Oct 19 2015
A few days ago I had a conversation with one of the teachers at UNIS Hanoi about the value of social media for teachers. He is in his mid-30s, fairly tech savvy, but only recently created a Facebook account has never used Twitter, Google+, or other social media tools to build a PLN. When I asked him why, he explained that he felt most of the conversations online lacked depth, and that he wanted to resist the temptation to condense the world into 140 character soundbites.
I understood his point. There are plenty of times, particularly when I look at tweets of politicians and celebrities, that I completely agree with him. Last week Donald Trump wrote, “Hillary is doing a HORRIBLE job at #BenghaziHearings reading from the script. #pathetic . She is no leader”.
In cases like this, I don’t think that anyone’s understanding is deepened.
Responding to my colleague, I spoke about depth and breadth when growing professionally.
When it comes to depth of communication, nothing beats a face to face conversation. When I was working on my Course 5 Project with the Humanities team, I spent hours in their planning meetings face to face and found times to meet with them individually when I couldn’t be there. Research and experience has shown that when you want to make a positive, favorable impression on someone you want to be there, in person, with no distractions.
However, anyone who has traveled abroad knows that many times the people we want to talk to aren’t nearby. I encountered this about four weeks ago when I saw that my friend from Hanoi and fellow COETAILer Jeff Wrensen was online on Google Hangouts. He and I were friends in Hanoi and had been commenting on one anothers COETAIL blogs for the past year. We tried doing a Video Hangout, but the connection in Pakistan where he is now was very weak so we reverted to a text chat.
Of all the conversations that I’ve had about my Course 5 project, of all the tweets and Google+ posts I’ve put up, this was by far the most sustained, in depth, and helpful discussion. One of the central problems I was facing was the fact that not all of the Grade 8 students are 13 yet, so sites like Facebook, Twitter, and Google+ are all blocked for them until the end of November. I was feeling quite frustrated that we were teaching about social media, digital footprints and online personas without actually using any social media.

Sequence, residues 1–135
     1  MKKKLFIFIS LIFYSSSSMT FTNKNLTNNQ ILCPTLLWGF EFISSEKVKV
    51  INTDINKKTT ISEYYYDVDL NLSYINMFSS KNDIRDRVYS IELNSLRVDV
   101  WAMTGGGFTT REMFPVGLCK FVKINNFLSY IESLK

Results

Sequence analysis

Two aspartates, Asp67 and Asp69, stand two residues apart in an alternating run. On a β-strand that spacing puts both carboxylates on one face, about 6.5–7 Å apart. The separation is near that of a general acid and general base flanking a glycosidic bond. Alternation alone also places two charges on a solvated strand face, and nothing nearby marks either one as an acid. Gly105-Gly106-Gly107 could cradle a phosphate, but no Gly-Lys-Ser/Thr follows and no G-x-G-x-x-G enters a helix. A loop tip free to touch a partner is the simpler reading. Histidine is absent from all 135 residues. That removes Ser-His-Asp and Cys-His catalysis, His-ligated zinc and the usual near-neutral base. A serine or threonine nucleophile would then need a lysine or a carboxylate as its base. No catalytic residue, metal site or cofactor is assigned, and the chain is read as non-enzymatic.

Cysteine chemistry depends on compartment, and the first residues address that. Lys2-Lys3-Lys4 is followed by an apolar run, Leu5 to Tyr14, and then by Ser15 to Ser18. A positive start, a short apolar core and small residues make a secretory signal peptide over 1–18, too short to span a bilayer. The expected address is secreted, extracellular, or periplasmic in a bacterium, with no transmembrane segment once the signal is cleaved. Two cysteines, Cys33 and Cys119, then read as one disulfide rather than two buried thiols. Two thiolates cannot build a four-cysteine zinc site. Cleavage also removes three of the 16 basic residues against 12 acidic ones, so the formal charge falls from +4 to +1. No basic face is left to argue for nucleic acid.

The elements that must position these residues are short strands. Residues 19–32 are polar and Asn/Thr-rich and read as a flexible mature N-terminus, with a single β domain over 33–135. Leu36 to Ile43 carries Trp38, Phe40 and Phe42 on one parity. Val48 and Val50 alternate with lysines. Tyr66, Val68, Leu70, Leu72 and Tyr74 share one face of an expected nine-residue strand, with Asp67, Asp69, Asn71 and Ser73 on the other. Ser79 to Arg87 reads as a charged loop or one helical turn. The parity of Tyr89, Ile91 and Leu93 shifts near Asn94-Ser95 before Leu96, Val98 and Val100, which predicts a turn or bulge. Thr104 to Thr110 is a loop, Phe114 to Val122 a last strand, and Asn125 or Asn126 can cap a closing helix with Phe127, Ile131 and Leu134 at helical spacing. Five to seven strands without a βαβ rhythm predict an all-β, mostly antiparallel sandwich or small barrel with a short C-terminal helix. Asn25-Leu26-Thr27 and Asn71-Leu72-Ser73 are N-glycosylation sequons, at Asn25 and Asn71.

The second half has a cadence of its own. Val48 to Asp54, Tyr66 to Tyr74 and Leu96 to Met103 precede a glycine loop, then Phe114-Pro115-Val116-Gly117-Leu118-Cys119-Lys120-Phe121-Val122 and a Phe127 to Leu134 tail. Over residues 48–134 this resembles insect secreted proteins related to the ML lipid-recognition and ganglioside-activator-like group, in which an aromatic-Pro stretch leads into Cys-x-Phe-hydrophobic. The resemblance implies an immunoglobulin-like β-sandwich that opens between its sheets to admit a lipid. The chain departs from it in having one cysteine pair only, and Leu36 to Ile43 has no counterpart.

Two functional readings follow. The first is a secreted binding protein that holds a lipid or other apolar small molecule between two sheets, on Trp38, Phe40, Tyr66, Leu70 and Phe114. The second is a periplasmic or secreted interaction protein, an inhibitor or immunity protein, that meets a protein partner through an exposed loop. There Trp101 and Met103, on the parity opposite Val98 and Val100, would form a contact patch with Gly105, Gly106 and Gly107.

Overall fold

Jeff had a great suggestion: create class accounts for Twitter or other media and then let the students take turns using them. It solved two problems at once – it meant that the kids who were under age could still use an account, and it also meant that if there were any negative comments that came back at their posts they would be insulated. Here’s the full conversation that Jeff and I had on Sunday, Sept 27:
However, I still recognize the value of the breadth of people, perspectives, and content in platforms like Google+ Communities and Twitter. I find Communities to be a great place to go for questions and feedback. I’ve posted in the COETAIL Course 5 Community this fall, and in the past I’ve often turned to communities on Google Docs, scripts, robotics, and much more.
In fact, as part of our Digital Citizenship unit we introduced students to Google+ Communities as a platform to discuss safe online communication. I took the scenarios from Common Sense Media’s Safe Talk Online lesson and adapted them into a Google+ Community framework. Now the students are learning about Communities, discussing ‘safe talk online’, practicing safe talk online, and also contributing their own scenarios to the mix.
Finally, over the past three years I’ve become an ‘on-and-off’ fan of using Twitter. There are many times when I find that its format makes actual conversations very difficult to follow or maintain. I experienced this directly during a COETAIL Twitterchat on September 27th on the role of Blogging for teachers and students. It was a bit like trying to listen to 20 different simultaneous conversations. There’s a lot of words flying, but more sound bites than depth in the actual conversation.
However, there are three aspects of Twitter that I love.
- Twitter as a news feed. Often I will spend 10-15 minutes in the morning looking at my hashtags on TweetDeck to see what news stories, articles, updates, or blog posts people are talking about. I’m also trying to make it more and more a habit to post my own discoveries to Twitter and/or Google+. Twitter hasn’t totally replaced the need for an RSS Reader, but it’s close.
- Twitter as collaborative note-taking. I’ve been to lots of tech conferences over the past few years, and I’ve found lots of value in reading, contributing to, and reflecting on the tweets that are generated from them. It allows a window into insights that are being generated from other workshops, and it also has helped me get feedback on my own workshops.
- Twitter as a conversation with strangers. I discovered this most vividly last year when I posted a blog article on a SAMR workshop with Ruben Puentadura. I tweeted about it, and was retweeted a number of times. The most interested RT was directed @garystager, and Dr Stager began responding with vehemence about how little he liked SAMR. I’ve seen a couple presentations by Dr Stager but never had a conversation with him, and then suddenly we were arguing on Twitter. Both interesting and bizarre.
Below I’ve Storified a selection of tweets that I’ve sent out over the past few months to illustrate these types of Twitter uses.
One of the main reasons that I wanted to take the COETAIL course was to enhance and expand my professional network, and I feel happy about meeting that goal. Although there’s always more that I can do, at this point I’ve built a decent professional website, written dozens of blog posts related to ed-tech, have a few hundred tweets and followers on Twitter, and have strengthened my Google+ presence. It’s not the end, but it’s a start.